Yesterday, Google unveiled a new Explore area for the Google+ Android app, which lists a number of major categories at the top of the What’s Hot stream. The update seemed pretty negligible, but now it’s rolling out on the Web too with far more pronounced implications for content discovery.
Starting in the US, Google+ users will begin seeing a new Explore tab at the top of the page, next to the More drop-down overflow menu. A card at the top lists major topics as straightforward hashtags, such as #Music, #Science and #Photography. These hashtags existed before on Google+ – you just needed to search for them – but this latest move elevates them to a recognized and hopefully more popular status. In addition, each of these topics will contain sub-categories for deeper content exploration, such as #HolidayBaking underneath the main category #FoodandDrink.
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The card also contains a shortcut to What’s Hot, which was available before from the navigation menu. Steve Farrell, a Software Engineer at Google, implied on Google+ that henceforth, it would only be accessible from the new Explore tab: “What’s Hot is also listed here, instead of in the navigation bar.”
Trending hashtags are still listed on the right-hand side, as they were in the What’s Hot stream, and Farrell said there would also be a simple way to follow users and communities from within the stream. We’re betting that it’ll be similar to the suggested cards already prevalent in What’s Hot.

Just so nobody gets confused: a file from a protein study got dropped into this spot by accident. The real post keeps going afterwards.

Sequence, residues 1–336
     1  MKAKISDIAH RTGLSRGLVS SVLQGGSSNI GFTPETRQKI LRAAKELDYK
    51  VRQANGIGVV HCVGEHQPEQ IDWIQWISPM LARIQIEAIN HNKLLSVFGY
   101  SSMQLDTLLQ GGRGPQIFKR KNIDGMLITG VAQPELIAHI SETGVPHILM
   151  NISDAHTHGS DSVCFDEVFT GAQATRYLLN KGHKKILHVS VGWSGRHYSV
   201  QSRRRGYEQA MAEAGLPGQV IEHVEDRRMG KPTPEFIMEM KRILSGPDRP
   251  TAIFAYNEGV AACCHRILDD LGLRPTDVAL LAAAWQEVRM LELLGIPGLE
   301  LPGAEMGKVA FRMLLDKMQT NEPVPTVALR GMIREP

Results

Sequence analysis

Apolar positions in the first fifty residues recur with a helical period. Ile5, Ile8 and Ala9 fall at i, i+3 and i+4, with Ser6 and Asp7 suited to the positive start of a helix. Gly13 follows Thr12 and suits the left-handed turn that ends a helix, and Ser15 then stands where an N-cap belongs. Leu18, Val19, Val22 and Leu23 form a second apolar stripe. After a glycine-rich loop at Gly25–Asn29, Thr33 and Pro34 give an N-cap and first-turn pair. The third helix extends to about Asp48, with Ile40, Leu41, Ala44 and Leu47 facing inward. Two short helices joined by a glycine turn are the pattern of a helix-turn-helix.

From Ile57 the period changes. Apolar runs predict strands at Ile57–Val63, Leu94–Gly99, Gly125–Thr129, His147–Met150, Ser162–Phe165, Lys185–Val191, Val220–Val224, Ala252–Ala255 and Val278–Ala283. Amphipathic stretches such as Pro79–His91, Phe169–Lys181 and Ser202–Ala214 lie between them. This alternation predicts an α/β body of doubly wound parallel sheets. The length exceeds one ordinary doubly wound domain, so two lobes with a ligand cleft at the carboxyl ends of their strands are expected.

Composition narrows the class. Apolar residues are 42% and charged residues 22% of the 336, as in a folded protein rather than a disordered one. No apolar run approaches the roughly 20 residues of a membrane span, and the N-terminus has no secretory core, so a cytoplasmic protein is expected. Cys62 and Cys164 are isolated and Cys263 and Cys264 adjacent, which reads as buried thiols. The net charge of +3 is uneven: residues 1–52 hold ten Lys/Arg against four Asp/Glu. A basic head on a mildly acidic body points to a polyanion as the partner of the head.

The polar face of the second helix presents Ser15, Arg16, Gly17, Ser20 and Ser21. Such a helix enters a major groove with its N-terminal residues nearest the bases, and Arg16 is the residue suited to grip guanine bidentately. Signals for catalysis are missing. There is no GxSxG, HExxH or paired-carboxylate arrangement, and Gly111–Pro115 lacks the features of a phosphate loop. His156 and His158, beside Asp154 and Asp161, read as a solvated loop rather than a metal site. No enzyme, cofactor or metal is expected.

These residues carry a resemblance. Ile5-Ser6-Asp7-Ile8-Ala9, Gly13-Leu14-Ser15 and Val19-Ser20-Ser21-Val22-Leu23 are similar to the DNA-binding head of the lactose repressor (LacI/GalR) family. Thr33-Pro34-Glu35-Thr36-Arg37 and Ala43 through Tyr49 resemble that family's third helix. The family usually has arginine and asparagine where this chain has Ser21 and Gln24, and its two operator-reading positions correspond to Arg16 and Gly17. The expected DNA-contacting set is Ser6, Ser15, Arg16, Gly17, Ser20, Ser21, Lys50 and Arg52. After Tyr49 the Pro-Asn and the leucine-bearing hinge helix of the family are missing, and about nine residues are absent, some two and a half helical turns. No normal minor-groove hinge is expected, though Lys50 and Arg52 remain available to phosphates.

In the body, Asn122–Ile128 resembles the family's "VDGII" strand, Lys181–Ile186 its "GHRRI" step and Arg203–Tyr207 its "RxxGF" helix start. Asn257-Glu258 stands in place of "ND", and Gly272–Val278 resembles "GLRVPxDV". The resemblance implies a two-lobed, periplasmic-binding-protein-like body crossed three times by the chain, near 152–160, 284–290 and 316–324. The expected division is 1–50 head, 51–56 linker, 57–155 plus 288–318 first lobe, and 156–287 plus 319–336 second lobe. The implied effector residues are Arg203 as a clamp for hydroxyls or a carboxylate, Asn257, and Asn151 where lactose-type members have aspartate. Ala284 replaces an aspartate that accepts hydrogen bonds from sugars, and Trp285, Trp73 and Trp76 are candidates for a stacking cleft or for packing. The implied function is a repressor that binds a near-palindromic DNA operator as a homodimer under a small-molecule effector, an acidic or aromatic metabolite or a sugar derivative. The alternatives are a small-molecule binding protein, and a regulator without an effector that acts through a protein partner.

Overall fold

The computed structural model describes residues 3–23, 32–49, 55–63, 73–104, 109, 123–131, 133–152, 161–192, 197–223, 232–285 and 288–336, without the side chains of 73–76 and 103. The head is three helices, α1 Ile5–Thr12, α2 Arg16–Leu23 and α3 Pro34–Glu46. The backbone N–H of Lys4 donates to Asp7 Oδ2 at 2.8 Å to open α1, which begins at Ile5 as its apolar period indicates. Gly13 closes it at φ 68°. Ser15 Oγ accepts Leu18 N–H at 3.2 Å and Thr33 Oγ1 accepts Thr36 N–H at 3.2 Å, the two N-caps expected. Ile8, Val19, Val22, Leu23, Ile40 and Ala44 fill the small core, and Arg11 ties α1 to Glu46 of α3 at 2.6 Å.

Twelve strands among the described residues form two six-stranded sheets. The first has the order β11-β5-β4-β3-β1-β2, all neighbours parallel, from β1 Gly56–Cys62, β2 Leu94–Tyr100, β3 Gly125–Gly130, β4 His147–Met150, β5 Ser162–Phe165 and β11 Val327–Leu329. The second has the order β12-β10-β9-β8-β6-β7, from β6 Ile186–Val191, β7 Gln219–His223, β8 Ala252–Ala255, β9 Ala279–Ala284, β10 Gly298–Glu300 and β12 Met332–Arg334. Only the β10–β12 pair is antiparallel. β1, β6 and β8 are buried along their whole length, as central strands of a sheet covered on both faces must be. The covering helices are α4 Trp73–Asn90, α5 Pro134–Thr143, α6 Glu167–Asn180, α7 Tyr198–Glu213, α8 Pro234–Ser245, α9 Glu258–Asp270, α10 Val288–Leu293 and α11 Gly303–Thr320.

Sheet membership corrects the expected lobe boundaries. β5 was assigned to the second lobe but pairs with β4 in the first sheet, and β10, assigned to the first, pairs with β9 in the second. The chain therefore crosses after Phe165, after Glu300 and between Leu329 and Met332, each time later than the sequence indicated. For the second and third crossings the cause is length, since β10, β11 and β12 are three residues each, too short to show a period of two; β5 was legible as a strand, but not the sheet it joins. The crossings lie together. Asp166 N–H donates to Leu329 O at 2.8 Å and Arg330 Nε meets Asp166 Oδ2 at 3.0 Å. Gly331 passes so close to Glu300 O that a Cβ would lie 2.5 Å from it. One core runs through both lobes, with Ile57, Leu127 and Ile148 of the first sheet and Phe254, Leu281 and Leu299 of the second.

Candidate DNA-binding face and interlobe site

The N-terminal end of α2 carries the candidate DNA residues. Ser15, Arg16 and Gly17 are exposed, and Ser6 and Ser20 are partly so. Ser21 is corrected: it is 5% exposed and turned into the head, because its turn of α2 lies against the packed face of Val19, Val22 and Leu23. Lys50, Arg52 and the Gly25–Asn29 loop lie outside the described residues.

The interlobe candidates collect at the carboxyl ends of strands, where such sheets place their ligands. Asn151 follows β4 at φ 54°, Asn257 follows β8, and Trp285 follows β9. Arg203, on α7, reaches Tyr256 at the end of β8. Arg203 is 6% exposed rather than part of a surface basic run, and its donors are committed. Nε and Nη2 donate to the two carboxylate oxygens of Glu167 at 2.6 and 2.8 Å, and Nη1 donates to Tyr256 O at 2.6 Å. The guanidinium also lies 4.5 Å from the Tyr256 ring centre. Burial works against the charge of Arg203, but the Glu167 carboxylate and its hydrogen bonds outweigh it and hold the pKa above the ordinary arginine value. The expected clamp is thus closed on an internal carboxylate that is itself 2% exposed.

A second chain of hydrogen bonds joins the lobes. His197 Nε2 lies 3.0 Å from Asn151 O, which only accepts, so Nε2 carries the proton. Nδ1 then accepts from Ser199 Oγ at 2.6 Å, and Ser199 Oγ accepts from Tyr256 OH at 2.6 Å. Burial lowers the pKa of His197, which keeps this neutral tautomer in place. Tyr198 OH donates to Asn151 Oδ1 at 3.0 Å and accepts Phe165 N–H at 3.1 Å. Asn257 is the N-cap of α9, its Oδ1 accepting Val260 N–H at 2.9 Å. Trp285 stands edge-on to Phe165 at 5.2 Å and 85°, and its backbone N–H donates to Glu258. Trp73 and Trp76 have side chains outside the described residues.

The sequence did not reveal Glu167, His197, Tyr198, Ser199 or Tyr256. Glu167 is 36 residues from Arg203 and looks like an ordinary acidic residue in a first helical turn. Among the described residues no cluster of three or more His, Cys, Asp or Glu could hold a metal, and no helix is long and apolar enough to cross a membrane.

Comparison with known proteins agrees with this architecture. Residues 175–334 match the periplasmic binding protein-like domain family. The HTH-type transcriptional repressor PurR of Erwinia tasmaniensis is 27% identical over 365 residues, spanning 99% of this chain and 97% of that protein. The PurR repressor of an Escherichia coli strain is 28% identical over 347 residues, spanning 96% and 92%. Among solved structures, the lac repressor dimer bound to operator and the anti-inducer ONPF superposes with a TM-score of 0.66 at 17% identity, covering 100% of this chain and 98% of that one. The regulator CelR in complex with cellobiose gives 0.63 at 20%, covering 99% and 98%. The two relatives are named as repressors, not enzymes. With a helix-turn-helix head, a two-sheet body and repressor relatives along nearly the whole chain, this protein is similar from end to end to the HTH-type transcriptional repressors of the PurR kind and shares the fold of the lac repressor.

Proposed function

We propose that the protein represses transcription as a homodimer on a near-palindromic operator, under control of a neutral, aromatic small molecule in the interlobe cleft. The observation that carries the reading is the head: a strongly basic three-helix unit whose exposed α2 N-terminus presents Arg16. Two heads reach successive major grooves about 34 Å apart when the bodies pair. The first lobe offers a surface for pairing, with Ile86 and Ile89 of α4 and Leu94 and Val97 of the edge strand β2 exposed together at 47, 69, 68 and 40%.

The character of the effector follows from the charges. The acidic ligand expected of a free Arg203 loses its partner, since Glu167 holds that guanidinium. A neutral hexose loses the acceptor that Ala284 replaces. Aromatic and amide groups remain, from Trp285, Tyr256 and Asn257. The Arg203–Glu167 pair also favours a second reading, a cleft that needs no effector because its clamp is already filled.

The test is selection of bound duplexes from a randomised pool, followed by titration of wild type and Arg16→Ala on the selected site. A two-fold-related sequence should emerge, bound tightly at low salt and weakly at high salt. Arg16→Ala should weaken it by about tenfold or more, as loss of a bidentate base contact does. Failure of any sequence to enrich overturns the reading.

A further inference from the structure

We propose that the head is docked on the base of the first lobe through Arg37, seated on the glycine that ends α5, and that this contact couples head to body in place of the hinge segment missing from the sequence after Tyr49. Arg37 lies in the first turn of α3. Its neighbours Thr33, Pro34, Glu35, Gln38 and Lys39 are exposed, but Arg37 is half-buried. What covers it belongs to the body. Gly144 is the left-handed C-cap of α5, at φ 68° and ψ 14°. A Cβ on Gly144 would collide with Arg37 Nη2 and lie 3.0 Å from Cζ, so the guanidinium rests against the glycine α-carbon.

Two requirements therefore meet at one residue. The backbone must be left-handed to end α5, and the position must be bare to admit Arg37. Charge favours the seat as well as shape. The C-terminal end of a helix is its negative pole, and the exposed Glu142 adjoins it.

The change is subtle, but it puts a renewed emphasis on content discovery within Google+. The platform, just like Twitter, hosts a diverse range of content, but it’s often tricky to know what’s out there. If the author isn’t already listed in one of your circles, or you haven’t submitted a relevant search query on a whim, the chances are you’ll never stumble across their posts. What’s Hot was an admirable attempt at highlighting popular content, but in the navigation menu it’s always been tucked away, out of sight.
Bringing the new Explore tab (ironically, this is what Google used to call the What’s Hot stream) to the top of the page, where it’s always visible, should increase user engagement and as a result, improve the experience and general usefulness of Google+.